Tuesday, May 10, 2011

Eat Southern, Pray Often, Love Unconditionally - Lessons of a Grandma

Grandma Playing her Harmonica
My very first essay for 4gaby was about my grandmother ("Ironing for Eternity"). Today would have been my grandmother's 101st birthday. She passed away in June of 2008 at 98 years old. An extraordinarily long life lived in an ordinary way. She did not have much education outside of the Bible which she could quote and use against you quite quickly (though never in the mean way that so many do today). She never held a job of great importance, she worked in a textile mill. Grandma kept a spotless house and she cooked wonderful basic Southern meals. Grandma truly believed no good food was ever made that did not use grease, fatback or lard (personally I think she's right). She sewed, and crocheted beautiful items which her daughter (my Momma) despised because they were handmade and Momma wanted store bought stuff which would show they had money...but they didn't have money so she had to wear what her Momma (Grandma) made for her. Grandma dipped snuff, and played her harmonica, and she truly took life as it came to her. She lost her daddy when she was very young, her husband in his sixties, she lost one of her three children to cancer, and she had very little of material value. But she had an indomitable spirit and an ability to love unconditionally. Her lessons are ones that have stayed with me. I keep a clean house, I love to work with my hands, and we attend church regularly. Every holiday meal comes complete with grease, and I don't expect perfection in love. I do these things because I gain peace through doing them...just as she always said I would. I try to take life as it comes to me...but I don't dip snuff (though I do wonder what medicinal properties that stuff has. I mean really, she lived to 98 and had all her faculties right to the end.) I'm too tone deaf to have ever taken up the harmonica, and I think she was very relieved when I married a man who could sing on key.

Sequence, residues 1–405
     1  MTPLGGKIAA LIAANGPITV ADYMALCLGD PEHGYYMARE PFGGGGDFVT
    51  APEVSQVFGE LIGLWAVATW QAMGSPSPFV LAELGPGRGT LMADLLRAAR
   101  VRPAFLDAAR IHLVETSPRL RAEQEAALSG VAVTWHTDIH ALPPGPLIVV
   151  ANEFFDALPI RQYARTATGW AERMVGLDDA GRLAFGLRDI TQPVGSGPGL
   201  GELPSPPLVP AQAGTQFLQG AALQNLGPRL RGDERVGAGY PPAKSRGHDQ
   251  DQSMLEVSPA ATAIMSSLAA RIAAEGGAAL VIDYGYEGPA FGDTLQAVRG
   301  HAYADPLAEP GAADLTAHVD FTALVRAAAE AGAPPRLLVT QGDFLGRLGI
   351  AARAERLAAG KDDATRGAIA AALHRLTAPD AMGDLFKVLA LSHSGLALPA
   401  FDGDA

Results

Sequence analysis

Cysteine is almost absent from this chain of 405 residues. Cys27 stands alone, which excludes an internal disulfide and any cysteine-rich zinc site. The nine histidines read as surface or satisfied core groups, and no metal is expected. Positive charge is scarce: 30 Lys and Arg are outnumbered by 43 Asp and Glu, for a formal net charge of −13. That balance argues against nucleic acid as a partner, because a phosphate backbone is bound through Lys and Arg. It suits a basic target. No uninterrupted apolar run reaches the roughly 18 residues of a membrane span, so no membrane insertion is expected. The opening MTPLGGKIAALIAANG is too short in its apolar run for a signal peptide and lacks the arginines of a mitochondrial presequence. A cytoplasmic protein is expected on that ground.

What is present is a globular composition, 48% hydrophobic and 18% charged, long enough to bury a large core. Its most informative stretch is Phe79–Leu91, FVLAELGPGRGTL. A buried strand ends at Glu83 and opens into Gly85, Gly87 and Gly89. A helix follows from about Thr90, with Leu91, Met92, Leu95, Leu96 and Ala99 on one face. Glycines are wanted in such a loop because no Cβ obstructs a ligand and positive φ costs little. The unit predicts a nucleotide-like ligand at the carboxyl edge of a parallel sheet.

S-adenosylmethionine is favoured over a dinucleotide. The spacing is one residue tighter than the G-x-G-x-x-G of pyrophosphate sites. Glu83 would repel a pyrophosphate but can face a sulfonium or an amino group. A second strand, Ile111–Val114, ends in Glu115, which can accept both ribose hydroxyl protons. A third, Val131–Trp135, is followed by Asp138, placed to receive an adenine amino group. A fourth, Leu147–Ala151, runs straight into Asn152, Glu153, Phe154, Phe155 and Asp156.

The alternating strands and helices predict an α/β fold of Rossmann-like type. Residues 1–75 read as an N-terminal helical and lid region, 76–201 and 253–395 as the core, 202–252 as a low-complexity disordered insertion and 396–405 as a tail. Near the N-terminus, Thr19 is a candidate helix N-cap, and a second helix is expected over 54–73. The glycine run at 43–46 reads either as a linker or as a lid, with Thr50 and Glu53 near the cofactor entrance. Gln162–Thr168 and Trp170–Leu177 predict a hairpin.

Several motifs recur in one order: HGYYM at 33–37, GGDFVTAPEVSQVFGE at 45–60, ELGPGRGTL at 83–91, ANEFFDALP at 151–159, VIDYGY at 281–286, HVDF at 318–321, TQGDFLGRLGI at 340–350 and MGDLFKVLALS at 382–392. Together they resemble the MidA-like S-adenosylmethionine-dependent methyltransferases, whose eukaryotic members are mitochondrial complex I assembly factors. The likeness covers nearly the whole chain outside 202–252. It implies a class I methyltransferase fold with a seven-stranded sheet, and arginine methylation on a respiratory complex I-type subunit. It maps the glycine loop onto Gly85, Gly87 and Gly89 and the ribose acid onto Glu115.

There is a wonderful book called "Eat, Pray, Love" by Elizabeth Gilbert. I truly enjoyed this book - her reflections, and her sense of humor all expressed while she worked on making sense of her life. But isn't it interesting that so many of us spend so much time trying to figure out life while the women who have come before us just knew how to live it without stressing over it.

It's nice of the world to think they should pause for a day to recognize Mothers. But the reality is that we pause our entire lives to recognize the world. As Mary wrote in her essay, "The Second Sunday of May and Always", we spend our time loving, nurturing, teaching, and sharing and it's not even just our own children that we do that with...it can be the child down the street, the friend our own age, the elderly stranger that we stop to help. We learn from other women how to be a mother. We mourn their loss, and celebrate their lives, and we pause for one day a year. But perhaps we should each pause each day and recognize the goodness in ourselves. Women are the soul and the heart of the universe. We should celebrate ourselves. Don't we all have women who have shown us the way?

1 comment:

  1. There are so many wonderful women who cross our path in life. Some are family, and grace us with infinate wisdom, even when we are too young to see it, and the others are the sisters and mothers/grandmothers of choice. Wonderful blog, thank you.


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